Good thing, too. The last time I'd worked my shoulders and legs (I do both on the same day) was last Friday, and I was beginning to feel aches in both. This let me know that muscle was being broken down, or so I believed. In practice, I fulfilled one of my goals for the week by lifting more than I'd anticipated in a couple of exercises.
I felt tired and fatigued by the time I got home from work, and I figured, at minimum, I would get 30 minutes on whichever aerobic machine was available. I assumed the upstairs weight areas were going to be swamped. I typically get home between 5:15 and 5:20, and take about 10 minutes to get dressed and over to the gym in the morning, when there's less traffic through the heart of town. So I took a couple of coins for the town parking meters in case the gym lot was full. But a spot near the entrance welcomed me, which I took as a good sign.
The weight floor was busy, but mostly filled with silent men who weren't using any of the leg or shoulder machines I planned to attack. Just in case, I switched my usual order of battle and hit the shoulder press machine first. Because it's a plate-loaded unit, not a Nautilus- or Cybex-style stack-raiser, it's tough for folks to "work in," or alternate use on the gadget—while one party exercises, the other rests, then they switch, the seat and weight are adjusted, lather, rinse, etc. With plate-loading machines, you'd have to drag off many of the barbell plates to reset the thing for the next person. If you're doing several sets, like I was, and combining it with a second, related exercise (in my case, shrugs with dumbbells), it's best to have the machine to yourself for the full bunch of sets.
Which I did. In fact, I felt strong enough to add a little more weight to later sets, which surprised me. I'd honestly thought that missing Monday, plus the dodgy protein intake over the weekend, were responsible for lost muscle tissue. But the top set on both the shoulder press machine (45 lb. each side, 5 reps) and the shrugs (60 lb., 5 reps) were both confident and controlled.
With the shoulders out of the way, the three sets of leg exercises, as well as some crunches and dumbbell bicep curls I finished with, were a dream. I stretched, rode home through grim humidity, and enjoyed a chocolate–mixed berry protein smoothie. So if nothing else, I am at least feeding myself enough protein to keep muscle during those accidental outtages that inevitably will crop up.
And Now, a Musical DigressionI did manage to follow this up today with a half hour on the elliptical trainer. Instead of absorbing CNBC's panicked pre-market jabberings, I went with my iPod. I listened to a techno/dance compilation Trance: A State of Altered Consciousness, which in disc form rarely left my car during long solo casino rides. Certain dance music from the late Nineties found a nice place in my ear, despite my fairly diverse, untethered allegiance to any one favorite musical style.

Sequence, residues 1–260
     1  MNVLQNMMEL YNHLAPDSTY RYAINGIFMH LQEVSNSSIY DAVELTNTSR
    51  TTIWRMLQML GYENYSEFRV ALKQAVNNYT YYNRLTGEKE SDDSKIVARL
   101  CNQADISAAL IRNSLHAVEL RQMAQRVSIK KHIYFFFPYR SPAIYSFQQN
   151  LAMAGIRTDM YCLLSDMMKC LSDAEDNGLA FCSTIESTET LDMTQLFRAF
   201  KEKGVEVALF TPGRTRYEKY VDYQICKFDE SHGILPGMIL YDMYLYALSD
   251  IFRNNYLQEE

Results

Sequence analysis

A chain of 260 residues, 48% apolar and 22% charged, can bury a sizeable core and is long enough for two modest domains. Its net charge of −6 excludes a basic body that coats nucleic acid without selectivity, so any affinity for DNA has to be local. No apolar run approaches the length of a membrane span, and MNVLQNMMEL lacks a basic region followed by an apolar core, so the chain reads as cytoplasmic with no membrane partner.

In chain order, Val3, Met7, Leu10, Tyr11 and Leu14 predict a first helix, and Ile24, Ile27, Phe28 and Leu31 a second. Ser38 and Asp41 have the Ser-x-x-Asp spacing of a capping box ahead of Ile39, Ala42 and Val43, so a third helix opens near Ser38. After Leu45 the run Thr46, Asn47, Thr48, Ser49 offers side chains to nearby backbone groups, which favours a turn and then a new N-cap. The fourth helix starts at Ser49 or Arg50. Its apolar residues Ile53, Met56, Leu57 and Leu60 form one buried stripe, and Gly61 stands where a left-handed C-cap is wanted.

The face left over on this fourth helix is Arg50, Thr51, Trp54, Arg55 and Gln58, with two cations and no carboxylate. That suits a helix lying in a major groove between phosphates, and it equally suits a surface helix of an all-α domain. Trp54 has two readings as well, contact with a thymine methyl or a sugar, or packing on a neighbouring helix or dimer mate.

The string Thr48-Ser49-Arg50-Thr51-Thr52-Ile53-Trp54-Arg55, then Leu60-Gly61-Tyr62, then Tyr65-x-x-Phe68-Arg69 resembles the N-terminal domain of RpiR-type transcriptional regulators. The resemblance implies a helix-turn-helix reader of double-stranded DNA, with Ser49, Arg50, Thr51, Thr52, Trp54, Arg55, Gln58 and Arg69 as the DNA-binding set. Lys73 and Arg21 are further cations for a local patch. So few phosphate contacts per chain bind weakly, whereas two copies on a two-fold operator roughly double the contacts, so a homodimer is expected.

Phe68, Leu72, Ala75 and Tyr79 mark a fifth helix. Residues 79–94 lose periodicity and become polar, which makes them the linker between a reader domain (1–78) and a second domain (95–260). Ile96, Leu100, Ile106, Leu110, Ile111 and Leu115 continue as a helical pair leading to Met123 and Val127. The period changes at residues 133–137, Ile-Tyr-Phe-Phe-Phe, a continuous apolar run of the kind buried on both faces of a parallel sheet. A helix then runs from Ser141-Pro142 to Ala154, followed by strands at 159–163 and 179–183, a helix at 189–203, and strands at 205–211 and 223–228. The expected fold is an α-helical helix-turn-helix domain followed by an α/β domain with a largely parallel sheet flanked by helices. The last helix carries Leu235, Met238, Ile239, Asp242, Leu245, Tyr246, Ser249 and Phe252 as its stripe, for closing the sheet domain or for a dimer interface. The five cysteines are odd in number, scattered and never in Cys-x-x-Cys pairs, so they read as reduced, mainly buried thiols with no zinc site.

I'd first heard this record at the long-gone Tower Records in Paramus. The first cut, Sasha's "Xpander," came on the store stereo system while I was digging through the magazines. I'd heard this track before, during an ad campaign for some videogame, and I found the whole track riveting. I read idly through several magazines and books at the store while listening to the rest of the record, then bought it. In the intervening years, it was always part of my driving music on the way to Foxwoods or Atlantic City. I couldn't make the final approach along Route 2A or the AC Expressway without the gaudy pulse of System F's "Out of the Blue" conjuring images of the Japanese techno-future we all thought was coming back in the mid-Eighties, with candy-sheened megatowers clawing their way into the violet Tokyo skies.
I gave copies of this disc to two women I knew, one a close friend and former lover, the other a friend I hoped would become a future lover (sadly not to be), both of whom dug dance music. My own copy disappeared when I stupidly left a case full of CDs untended at a gym in Las Vegas in summer of 2003. When I bought my first iPod later that year, it took some time to locate a new copy of the record, but find it I did, and I added it to the playlist and stashed the disc someplace safe.
I hadn't listened to it for a while until today. The new iPod does a much better job of running the tracks together without that split-second gap the '03 model dropped between the cuts. Although I didn't have time to let the whole album play, as my ride neared its end, I did blip forward to "Out of the Blue," and imagined myself, with the TV in front of the elliptical trainer showing only my sweaty reflection, gliding among those pastel-and-steel Tokyo towers again, a Blade Runner metropolis done up by Ecstasy-addled confectioner/architects.
Some love may never catch fire, and friends may drift away, but at least I shared that music with them, bidding them the chance to fly through their own dream-cities wherever they might lie.